Traditional Brunswick stew is a tomato-based thin soup or thick stew that originally was made with squirrel meat along with other a few other meats depending on the location in which it was served (shredded chicken in Virginia, pulled pork and shredded beef in Georgia, shredded chicken and beef and pulled pork in North Carolina). Then, it would have some mixture of potatoes, lima or butter beans, corn, okra, tomatoes, plus potentially a variety of other vegetables. So, to summarize: its either a thick or thin stew but maybe a soup, its made with any number of meats, and its got some veggies but who knows which ones. As you may have gathered, there really is no official recipe.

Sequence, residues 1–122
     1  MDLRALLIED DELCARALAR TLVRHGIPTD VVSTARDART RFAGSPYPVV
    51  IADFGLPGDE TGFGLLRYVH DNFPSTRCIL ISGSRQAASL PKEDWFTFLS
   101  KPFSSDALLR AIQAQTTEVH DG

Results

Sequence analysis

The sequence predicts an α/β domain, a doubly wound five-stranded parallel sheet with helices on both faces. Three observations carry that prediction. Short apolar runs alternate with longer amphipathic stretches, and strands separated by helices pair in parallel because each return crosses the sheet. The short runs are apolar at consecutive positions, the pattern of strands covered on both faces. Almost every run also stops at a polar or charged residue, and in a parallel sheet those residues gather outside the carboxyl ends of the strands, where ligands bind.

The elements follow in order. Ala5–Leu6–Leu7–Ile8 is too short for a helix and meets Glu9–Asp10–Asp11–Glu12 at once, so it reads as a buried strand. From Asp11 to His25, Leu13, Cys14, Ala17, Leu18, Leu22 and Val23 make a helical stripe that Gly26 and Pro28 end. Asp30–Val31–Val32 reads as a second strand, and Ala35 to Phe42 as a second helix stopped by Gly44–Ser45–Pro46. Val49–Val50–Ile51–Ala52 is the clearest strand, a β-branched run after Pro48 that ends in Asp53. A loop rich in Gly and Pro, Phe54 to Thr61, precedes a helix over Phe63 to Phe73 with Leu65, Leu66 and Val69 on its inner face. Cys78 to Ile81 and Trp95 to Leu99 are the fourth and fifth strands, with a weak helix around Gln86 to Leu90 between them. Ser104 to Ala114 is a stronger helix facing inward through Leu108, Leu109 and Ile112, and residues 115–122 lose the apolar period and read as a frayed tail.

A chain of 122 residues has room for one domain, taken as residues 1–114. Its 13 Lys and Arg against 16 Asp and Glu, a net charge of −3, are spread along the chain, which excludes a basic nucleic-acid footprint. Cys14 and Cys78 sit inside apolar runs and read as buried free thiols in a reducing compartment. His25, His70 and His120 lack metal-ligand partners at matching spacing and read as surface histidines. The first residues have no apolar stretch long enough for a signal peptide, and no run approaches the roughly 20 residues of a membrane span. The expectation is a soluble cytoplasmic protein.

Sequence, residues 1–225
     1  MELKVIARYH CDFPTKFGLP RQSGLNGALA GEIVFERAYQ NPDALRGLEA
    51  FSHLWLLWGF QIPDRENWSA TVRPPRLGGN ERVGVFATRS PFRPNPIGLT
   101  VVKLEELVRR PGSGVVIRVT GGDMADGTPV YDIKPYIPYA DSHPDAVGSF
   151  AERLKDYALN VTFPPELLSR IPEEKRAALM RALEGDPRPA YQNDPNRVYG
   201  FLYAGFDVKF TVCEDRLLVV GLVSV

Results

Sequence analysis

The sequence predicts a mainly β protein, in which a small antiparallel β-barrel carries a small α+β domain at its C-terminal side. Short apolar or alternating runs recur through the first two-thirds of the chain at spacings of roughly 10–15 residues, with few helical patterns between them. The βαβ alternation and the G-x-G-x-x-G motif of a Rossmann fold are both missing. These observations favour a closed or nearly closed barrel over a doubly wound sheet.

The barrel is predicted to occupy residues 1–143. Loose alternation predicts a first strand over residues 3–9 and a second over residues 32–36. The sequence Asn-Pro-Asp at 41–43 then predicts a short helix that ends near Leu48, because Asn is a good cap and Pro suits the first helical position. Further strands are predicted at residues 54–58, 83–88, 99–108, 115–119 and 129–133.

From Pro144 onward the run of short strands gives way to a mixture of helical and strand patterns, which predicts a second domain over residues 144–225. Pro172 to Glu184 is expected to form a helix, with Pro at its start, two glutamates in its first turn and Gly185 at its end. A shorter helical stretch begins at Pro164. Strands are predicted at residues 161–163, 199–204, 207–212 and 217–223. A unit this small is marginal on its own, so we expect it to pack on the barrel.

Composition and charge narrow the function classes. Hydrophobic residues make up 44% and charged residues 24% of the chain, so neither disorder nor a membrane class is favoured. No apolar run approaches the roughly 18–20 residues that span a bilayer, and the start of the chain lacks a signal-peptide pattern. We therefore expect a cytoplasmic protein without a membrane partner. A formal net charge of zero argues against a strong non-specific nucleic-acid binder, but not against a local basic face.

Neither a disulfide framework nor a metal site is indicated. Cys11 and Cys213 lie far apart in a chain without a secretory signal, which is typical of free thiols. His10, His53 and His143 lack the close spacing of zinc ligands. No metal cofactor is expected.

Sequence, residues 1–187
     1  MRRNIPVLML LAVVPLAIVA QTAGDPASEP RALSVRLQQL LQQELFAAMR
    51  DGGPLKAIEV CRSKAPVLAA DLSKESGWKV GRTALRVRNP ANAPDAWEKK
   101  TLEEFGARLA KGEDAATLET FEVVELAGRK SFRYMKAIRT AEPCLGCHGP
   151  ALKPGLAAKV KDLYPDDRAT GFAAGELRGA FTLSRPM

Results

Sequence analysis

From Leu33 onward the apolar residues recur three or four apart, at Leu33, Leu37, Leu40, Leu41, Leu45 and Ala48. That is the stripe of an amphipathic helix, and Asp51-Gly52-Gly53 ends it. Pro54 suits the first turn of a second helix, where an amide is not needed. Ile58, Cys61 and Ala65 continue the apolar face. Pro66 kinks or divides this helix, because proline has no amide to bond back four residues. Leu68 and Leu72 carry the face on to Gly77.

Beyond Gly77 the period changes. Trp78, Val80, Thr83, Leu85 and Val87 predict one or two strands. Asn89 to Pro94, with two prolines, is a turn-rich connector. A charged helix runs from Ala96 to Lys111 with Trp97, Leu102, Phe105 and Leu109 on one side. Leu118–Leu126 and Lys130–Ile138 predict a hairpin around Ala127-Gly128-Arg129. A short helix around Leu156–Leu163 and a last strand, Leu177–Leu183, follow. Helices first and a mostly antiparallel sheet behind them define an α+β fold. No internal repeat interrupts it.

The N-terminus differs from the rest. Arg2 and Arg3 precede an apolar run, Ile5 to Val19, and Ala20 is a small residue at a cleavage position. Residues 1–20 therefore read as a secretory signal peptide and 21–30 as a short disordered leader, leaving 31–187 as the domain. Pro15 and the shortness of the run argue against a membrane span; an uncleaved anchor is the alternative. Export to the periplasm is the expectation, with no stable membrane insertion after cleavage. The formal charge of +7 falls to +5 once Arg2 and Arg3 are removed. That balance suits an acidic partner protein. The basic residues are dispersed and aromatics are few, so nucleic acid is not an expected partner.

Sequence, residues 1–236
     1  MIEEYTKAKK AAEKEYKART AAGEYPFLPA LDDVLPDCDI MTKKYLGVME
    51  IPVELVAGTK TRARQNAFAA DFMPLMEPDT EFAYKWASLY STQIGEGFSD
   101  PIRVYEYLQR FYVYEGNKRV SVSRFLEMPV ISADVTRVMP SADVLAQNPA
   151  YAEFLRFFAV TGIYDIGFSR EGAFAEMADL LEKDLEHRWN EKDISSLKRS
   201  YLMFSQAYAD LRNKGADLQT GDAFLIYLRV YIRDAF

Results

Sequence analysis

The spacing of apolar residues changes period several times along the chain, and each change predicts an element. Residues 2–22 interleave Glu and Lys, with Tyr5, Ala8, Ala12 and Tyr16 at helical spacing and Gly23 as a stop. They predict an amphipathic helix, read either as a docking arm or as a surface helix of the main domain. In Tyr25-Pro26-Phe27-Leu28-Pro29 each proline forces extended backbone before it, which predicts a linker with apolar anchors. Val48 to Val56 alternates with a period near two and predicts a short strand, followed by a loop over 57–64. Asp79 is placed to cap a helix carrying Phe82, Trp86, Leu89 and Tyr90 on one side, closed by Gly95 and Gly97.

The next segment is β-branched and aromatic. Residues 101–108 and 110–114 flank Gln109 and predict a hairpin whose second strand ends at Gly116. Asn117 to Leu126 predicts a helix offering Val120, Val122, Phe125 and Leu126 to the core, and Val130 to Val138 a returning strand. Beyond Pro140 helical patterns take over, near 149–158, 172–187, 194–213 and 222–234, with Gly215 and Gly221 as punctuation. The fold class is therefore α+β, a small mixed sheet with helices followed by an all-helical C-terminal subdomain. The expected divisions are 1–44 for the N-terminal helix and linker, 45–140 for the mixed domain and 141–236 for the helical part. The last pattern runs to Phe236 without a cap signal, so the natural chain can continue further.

The recipe for Mallard Creek’s version uses ground chicken, beef, and pork instead of shredded versions of those meats. Lima beans are nowhere in sight and instead only corn and tomatoes are found in the stew. And perhaps most controversially, instead of potatoes, they use rice. Critics argue that the use of rice is filler to make the recipe go longer, but as Charlotte food writer Kathleen Purvis wrote in 2014, their recipe has been used since the 40’s and was more than likely made up by Rebecca “Beck” McLaughlin according to her son Dale since, as he notes “[s]he didn’t go by recipes on hardly anything.” Purvis’ article notes that the breaks from traditional Brunswick stew may have simply been a matter of preference since potatoes got too mushy and lima beans tasted too strong, according to Beck.